7. Zoysia vs St Agustine Mowing Needs

During the warm season, zoysia grass needs to be cut frequently, and it should only be left at the height of 1″. This will unavoidably result in thatch, which may need to be removed up to four times annually. Cut the St. Augustine grass between 2 and 3 inches high.

8. Zoysia And St. Agustine Grass Common Pests and Diseases

Regarding pests or illnesses, Zoysia grass and St. Augustine grass are virtually equal victims. Thus there is no obvious winner. Both are quite sensitive to fungal infections, as well as all common lawn insects. Zoysia will succumb to mold and root rot if thatch is allowed to accumulate around it. The same will happen to St. Augustine lawns under standing water.

9. Zoysia vs St. Agustine Related Grasses

This common name occasionally calls all three varieties of zoysiagrass. However, every lawn in the United States is likely to contain “Zoysia japonica,” the most prevalent. The two varieties, “Zoysia matrella” and “Zoysia centifolia,” are less resilient to cold temperatures and develop more slowly.

St. Augustine has few related relatives, although it does have some cultivars that address particular problems. For example, “Captiva” makes St. Augustine grass resistant to the chinch bug. Additionally, the variegated variety “Variegatum” has been created.

10. Zoysia Vs St Agustine Cost

St. Augustine grass rarely produces long-lived seeds. Similar to zoysia seeds, they can be difficult to keep alive while transported and may even not germinate if the soil temperature they eventually come into contact with is below 80F. This implies plugs are the sole way to begin a St. Augustine or zoysiagrass lawn.

These tiny grass seedlings are typically spaced every 3, 6, or 12 inches. They take longer to establish themselves the further apart they are, but you need to buy less of them overall.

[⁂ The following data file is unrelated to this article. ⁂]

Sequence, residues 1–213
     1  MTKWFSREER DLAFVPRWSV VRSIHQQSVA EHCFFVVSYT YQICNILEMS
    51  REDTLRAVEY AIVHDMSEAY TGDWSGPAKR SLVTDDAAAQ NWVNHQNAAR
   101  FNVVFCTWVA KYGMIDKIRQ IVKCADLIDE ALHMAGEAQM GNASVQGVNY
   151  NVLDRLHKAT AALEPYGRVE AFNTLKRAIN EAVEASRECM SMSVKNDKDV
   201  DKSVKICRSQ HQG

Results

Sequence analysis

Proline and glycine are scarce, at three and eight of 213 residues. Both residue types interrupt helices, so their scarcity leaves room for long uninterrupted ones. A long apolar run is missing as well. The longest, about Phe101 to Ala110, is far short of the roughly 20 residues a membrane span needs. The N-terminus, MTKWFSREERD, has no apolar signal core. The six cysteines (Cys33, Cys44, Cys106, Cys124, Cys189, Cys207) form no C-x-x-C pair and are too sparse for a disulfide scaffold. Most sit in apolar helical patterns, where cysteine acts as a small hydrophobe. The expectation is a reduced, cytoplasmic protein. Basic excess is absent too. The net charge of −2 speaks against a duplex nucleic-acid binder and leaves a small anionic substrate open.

This is ultimately how the price will be established. It would help if you also considered the cost of transporting numerous little plants. The price should be comparable if you have local cultivators for both grass varieties. However, as Zoysia requires more time to grow, you can discover that Zoysia always costs a little more, no matter where you buy it.

When To Pick Zoysia Grass?

St. Augustine is not as adaptable as Zoysia as turf grass, but in the correct climate, it requires less upkeep. Because it is slightly less salt tolerant than St. Augustine, it is a better option in dry locations where there may be salt buildup and lower annual rainfall.

Zoysia is more tolerant of a variety of poor soils than St. Augustine and doesn’t require as often mowing. If you apply compost as a topdress each year, you might be able to omit fertilizer and watering because it responds well to dethatching and aeration.

When To Pick St. Agustine Grass?

Sod or plugs should be planted in late spring or summer because St. Augustine grass grows best in the heat. Select a time that is at least three months after the winter’s final frost and after the first frost of the following season.

St. Augustine grass will survive the winter in a relatively intact state once the roots have fully grown, but make sure to give your grass plenty of time to establish itself. Frost damage can be particularly damaging to weaker, newly formed roots.


St. Augustine is preferable in some locations, even though Zoysia is a wonderful option for low-maintenance lawns. To properly prepare the soil before planting, conducting a soil test is the first step in creating a new lawn.

The secret to a successful lawn is healthy care procedures, so whatever grass you select, stick to a regular maintenance routine that includes aeration, topdressing, appropriate irrigation schedules, and appropriate mowing heights.